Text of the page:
How strict should I be with possessives? An example sentence would be:

James’s car was stolen.

But the following is also valid in the English language:

James’ car was stolen.

Sometimes users pronounce that extra S when it’s not there and don’t pronounce it when it is. I am generally generous when it comes to mispronunciations if they are common (e.g. American mispronunciations of British names like “Warwickshire”) and I feel like this could be classed as a particular reader’s “style”. I have not formulated any particular policy on this and whether I approve or reject has so far depended on how generous I felt at that particular moment.

Just wanted to check what others think is appropriate or if it even matters.

I would argue to be valid the sentence has to be read as written. If a reader changes what is written, that may be comprehensible of course, but to me that goes beyond what’s reasonable to consider merely the reader’s ‘style’. It’s the same as rejecting the reading “Weren’t” when the sentence actually says “Were not”.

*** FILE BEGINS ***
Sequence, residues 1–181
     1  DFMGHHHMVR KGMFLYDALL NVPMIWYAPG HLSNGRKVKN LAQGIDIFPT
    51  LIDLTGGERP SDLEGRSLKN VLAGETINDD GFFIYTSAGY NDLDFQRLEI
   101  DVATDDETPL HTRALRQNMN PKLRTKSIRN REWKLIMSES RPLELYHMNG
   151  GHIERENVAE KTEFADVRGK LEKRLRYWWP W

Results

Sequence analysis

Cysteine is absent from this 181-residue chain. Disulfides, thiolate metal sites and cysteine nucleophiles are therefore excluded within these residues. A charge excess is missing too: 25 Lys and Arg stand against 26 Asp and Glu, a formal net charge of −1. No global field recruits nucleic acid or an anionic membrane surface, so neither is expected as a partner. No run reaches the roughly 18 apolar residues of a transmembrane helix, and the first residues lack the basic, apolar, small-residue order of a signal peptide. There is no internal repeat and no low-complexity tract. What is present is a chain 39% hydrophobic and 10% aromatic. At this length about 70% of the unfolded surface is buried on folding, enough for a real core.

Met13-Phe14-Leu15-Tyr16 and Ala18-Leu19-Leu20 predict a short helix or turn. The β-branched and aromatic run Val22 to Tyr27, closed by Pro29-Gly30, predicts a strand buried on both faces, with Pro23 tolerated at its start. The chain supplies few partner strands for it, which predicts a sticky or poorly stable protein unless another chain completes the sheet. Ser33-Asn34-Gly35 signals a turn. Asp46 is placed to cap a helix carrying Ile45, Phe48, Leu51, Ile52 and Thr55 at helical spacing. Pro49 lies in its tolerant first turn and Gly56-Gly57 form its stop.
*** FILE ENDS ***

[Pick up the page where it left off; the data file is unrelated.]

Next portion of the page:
Mispronunciations of proper names is a difficult one. Many errors will inevitably get through as we’re not using solely British speakers to verify British terms nor solely American speakers to verify American ones. I don’t know if it’s the best approach, but what I do is to reject any bad pronunciation that I know to be wrong, and allow through minor things such as slightly odd stress patterns. I’d reject “war-wick-shire” for Warwickshire as well as “ar-kan-sus” for Arkansas.